It is impossible for those who have once been enlightened, who have tasted the heavenly gift, who have shared in the Holy Spirit, who have tasted the goodness of the word of God and the powers of the coming age and who have fallen away, to be brought back to repentance. To their loss they are crucifying the Son of God all over again and subjecting him to public disgrace. Land that drinks in the rain often falling on it and that produces a crop useful to those for whom it is farmed receives the blessing of God. But land that produces thorns and thistles is worthless and is in danger of being cursed. In the end it will be burned.
About 10 years ago, I was teaching a class in a predominately Calvinist group of people. The scope of my engagement was that I would present “controversial” passages giving the various interpretations, and then let each decide their own view. In teaching this section, I presented various views and then broke down the various arguments and ended by saying “We report, you decide!”
The following week, a guy came up to me and said, “Boy Don, you really had me going last week; I had to go home and look this up in my study Bible, and then I saw the note that said that the author obviously was talking about people who weren’t really all the way saved. That was sure a clever way to get us to go deeper into the Word!” Yes, clever.
I thanked the man and told him that it was great to hear that he went deeper into the Word, and found the answer in a margin note… the irony, I’m afraid, was lost on him that day. Clearly, his margin note might reflect the way this is often explained, but it seems at odds with the text under review.
Let’s get back into context. We are in a section of warning to Christians enduring terrible persecution, not to fall away from the faith. We just covered the section referring to spiritual maturity, and now the warning gets a little pointed. It is not possible for someone who falls away from their faith in Christ to return to the faith. Now, a closer look:
It is impossible for those who have once been enlightened, who have tasted the heavenly gift, who have shared in the Holy Spirit, (6:4) This verse is a parallelism., thus “enlightened”, “the heavenly gift” and “shared in the Holy Spirit” are all referring to the same thing: receiving the gift of the indwelling Holy Spirit. Let’s be very clear and simple; it doesn’t really matter what your doctrinal position is, the only way that someone can receive the indwelling of the Holy Spirit without “really” being saved, is if they could fool God. It seems unlikely to me that this is possible. Moving on, who have tasted the goodness of the word of God and the powers of the coming age (6:5) this also provides a challenge for some, for how does an unbeliever “taste the goodness of the word of God”? The only way would be if the “Word” is something on a printed page, rather than a Person. (cf. John 1:14) Tasting the powers of the coming age…? Isn’t that the power to overcome death? (Hint: Yes) So far, the author is referring to a person who has received the indwelling of the Holy Spirit and received the gift of eternal life, and then… and who have fallen away, to be brought back to repentance. To their loss they are crucifying the Son of God all over again and subjecting him to public disgrace. (6:6) Here you can see that they have fallen away and would need to be brought back to repentance. Repentance is something that we do after we first believe. This person, who has received the gift of the indwelling Holy Spirit, and the gift of eternal life, would need to be brought back to repentance, so it is impossible since they would be crucifying the Lord over again and subjecting Him to public disgrace. It sure sounds to me like this person had been a “real” Christian, but they gave it all up and now can’t come back. Verses 7 and 8 use another metaphor (land) to underscore that conclusion, or at least that’s how I read it.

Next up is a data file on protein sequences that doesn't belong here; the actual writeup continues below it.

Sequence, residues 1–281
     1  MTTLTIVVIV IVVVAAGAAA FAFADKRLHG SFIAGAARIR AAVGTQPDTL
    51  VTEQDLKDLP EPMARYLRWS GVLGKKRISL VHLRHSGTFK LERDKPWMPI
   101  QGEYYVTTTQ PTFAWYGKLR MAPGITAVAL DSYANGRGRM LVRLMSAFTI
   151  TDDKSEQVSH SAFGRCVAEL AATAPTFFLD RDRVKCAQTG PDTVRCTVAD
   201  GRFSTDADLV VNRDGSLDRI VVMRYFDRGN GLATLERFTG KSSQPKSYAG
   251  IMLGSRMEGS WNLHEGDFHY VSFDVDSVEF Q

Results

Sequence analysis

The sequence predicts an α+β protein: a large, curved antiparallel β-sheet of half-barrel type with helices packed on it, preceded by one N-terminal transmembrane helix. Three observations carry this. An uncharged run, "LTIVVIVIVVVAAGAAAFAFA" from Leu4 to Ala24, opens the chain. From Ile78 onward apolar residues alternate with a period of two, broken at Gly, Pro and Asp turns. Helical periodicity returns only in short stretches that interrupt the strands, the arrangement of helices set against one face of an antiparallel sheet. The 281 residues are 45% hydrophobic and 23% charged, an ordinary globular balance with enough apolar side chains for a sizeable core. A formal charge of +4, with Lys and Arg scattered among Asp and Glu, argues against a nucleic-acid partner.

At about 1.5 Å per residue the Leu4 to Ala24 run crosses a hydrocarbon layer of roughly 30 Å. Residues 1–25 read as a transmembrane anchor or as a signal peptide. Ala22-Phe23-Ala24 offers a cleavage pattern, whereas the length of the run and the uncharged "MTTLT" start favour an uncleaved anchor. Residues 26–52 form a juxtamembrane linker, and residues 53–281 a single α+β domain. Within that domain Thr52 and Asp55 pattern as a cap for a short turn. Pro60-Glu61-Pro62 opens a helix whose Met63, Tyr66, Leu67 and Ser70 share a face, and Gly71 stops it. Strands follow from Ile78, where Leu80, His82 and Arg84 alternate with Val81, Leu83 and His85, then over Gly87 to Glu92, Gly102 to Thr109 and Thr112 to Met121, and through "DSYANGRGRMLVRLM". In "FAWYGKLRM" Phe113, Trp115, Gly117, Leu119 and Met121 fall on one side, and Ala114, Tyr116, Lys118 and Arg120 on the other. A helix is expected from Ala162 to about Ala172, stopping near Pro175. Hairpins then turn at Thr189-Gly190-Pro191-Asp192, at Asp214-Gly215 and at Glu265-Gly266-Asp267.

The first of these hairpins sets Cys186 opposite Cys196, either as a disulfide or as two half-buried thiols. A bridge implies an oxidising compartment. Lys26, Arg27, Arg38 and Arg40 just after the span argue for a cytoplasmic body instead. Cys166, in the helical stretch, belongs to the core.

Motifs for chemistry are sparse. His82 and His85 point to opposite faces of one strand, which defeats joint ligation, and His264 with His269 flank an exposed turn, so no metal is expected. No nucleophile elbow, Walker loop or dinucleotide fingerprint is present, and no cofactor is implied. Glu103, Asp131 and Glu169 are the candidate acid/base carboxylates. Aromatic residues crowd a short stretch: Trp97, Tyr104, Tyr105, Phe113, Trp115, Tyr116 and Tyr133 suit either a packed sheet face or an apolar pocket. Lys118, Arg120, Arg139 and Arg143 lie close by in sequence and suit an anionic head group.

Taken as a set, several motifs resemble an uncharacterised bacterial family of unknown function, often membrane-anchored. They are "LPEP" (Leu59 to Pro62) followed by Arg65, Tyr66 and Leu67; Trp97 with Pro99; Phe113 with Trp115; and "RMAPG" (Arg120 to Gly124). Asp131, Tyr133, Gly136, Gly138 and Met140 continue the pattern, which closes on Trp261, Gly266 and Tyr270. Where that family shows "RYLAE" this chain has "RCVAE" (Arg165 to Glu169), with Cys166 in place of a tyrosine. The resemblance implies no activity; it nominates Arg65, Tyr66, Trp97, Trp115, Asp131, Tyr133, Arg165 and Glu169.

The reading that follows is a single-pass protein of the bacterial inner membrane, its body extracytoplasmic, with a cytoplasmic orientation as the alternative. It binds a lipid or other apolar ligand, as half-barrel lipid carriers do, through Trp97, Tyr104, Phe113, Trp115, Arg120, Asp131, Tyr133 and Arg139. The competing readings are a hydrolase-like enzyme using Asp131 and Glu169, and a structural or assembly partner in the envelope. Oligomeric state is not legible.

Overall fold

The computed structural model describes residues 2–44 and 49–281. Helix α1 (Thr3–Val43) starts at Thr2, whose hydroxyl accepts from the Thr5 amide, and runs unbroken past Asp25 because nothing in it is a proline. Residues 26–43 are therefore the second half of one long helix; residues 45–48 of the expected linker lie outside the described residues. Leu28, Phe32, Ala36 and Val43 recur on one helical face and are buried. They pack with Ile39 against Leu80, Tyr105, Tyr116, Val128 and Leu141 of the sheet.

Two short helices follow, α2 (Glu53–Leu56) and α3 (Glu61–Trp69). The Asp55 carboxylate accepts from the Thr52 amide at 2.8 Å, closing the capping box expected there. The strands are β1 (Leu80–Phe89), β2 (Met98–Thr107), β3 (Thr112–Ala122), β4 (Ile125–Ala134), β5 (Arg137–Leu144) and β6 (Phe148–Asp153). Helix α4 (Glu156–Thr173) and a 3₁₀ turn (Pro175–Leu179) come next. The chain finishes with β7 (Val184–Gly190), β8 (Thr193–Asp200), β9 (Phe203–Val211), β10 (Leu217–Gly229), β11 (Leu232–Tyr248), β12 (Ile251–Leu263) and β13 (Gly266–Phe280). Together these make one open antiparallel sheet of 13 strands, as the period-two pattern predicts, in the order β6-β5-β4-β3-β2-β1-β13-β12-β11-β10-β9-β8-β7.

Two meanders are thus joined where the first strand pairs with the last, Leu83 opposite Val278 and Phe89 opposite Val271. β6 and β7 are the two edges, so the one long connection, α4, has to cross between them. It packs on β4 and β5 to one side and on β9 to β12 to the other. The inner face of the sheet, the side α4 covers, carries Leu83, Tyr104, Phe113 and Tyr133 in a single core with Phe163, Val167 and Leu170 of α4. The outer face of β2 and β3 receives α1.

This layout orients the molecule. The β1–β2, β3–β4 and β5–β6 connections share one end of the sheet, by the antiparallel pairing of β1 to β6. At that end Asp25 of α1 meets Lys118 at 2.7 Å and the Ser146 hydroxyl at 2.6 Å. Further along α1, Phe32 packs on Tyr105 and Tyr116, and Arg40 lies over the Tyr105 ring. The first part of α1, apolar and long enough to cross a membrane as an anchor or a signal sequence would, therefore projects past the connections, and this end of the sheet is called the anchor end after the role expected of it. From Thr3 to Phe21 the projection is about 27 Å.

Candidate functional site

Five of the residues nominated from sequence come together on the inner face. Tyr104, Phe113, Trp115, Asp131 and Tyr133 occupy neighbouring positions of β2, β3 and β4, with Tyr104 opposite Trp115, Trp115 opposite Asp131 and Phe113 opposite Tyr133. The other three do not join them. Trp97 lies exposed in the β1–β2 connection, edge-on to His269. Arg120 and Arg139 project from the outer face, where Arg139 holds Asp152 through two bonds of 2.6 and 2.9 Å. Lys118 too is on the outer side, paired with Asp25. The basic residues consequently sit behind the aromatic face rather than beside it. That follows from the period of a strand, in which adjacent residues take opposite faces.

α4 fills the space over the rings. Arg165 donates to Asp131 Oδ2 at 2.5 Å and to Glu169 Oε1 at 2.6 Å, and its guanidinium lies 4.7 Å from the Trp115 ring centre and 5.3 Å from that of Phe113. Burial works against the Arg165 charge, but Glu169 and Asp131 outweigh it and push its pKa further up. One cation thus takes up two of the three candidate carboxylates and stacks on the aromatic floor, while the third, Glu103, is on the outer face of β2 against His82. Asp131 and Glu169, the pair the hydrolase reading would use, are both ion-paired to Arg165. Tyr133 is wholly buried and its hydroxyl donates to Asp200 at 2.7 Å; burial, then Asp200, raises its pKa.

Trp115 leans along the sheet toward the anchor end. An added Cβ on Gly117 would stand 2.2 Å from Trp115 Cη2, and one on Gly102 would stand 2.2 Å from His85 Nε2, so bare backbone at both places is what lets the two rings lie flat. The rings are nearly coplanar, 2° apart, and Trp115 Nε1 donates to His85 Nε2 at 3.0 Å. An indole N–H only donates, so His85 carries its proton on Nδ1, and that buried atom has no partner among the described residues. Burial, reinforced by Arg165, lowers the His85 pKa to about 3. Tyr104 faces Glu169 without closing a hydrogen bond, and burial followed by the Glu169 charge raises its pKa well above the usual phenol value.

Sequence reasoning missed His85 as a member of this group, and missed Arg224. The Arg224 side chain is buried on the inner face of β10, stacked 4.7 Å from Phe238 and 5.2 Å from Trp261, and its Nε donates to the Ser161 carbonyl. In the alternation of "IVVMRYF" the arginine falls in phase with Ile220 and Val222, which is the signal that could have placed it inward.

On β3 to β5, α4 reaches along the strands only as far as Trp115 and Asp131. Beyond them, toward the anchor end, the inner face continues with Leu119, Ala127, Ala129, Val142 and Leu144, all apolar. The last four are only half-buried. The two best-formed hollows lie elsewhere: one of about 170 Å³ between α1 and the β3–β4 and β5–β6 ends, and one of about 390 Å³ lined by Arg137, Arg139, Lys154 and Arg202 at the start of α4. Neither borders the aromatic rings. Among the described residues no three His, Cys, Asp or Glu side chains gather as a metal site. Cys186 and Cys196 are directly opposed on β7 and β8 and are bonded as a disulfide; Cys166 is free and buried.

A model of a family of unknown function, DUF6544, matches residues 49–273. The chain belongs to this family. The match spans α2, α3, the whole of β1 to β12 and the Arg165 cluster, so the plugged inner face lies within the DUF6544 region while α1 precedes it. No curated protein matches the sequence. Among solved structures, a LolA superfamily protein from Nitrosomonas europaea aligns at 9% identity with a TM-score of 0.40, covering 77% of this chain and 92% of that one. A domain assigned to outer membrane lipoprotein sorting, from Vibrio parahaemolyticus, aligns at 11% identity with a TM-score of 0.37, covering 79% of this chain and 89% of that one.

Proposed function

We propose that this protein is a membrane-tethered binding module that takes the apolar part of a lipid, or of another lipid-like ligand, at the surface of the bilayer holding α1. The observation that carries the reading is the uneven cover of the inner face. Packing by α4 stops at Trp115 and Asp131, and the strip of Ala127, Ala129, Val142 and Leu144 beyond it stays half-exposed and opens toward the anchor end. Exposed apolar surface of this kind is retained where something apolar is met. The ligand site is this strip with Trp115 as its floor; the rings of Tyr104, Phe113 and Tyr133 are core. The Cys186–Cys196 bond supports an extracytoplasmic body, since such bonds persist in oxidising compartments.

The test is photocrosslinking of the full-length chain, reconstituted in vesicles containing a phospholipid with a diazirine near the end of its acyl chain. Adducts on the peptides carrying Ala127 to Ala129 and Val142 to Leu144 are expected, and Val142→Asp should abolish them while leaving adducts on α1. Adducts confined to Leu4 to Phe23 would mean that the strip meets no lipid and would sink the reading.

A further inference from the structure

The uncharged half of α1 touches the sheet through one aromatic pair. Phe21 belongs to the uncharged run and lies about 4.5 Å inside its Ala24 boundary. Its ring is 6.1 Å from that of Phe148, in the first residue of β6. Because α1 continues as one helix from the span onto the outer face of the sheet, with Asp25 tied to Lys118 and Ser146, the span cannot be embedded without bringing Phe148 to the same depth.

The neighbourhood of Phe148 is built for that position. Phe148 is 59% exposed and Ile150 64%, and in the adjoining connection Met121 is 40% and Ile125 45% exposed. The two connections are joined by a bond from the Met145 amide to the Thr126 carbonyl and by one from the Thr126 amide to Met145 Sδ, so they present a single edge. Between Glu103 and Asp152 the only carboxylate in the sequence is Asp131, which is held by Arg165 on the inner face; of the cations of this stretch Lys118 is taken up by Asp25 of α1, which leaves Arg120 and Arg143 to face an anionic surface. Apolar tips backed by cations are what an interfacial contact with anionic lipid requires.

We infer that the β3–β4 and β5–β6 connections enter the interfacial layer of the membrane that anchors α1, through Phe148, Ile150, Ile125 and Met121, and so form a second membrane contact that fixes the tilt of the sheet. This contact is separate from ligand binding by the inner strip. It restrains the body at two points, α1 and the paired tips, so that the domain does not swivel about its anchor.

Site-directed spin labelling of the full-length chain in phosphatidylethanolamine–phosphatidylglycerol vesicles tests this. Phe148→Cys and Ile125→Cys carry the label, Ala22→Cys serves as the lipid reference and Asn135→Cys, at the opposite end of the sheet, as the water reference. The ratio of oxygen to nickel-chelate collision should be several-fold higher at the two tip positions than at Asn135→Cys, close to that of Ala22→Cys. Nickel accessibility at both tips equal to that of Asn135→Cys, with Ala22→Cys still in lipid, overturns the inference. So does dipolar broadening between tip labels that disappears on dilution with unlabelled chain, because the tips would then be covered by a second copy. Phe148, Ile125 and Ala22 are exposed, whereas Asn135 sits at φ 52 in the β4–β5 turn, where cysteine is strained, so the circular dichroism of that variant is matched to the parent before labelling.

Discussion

If you, dear reader, prefer the doctrine of eternal security, that’s OK by me, but I wouldn’t suggest this text as being one that supports it. Yes, I know there are other passages; maybe they support it better than this one.
Even though we speak like this, dear friends, we are convinced of better things in your case—the things that have to do with salvation. God is not unjust; he will not forget your work and the love you have shown him as you have helped his people and continue to help them. We want each of you to show this same diligence to the very end, so that what you hope for may be fully realized. We do not want you to become lazy, but to imitate those who through faith and patience inherit what has been promised.
This paragraph begins the transition into the next area of discussion in the letter, and it does so on a more optimistic note, showing the love and mercy of God. Even though our author has just delivered a very serious warning, he believes that the people who read it will heed the warning and remain faithful. Notice he says “in your case” as opposed to in every case, meaning that some others might not be so wise. Notice also that our attention is now turned to God’s mercy and forgiveness. This is a really important thing for us to bear in mind, for God is not looking for a technicality to have as an excuse to cut anybody off from relationship. He knows that we will make mistakes He knows that we will slip up, and the blood of Christ is sufficient for those cases. If we can lose our salvation, we would have to really work at it before God gave up on us; we would need to utterly reject Him and walk away, and to me, this seems like a very rare thing, as opposed to those who might have a season out in the wilderness, or benign neglect of our relationship with Him.
The whole point of the warning bears this out; God loves us, even when we aren’t doing a very good job in following Him. Yet, it is much better if we hang in there and see things through.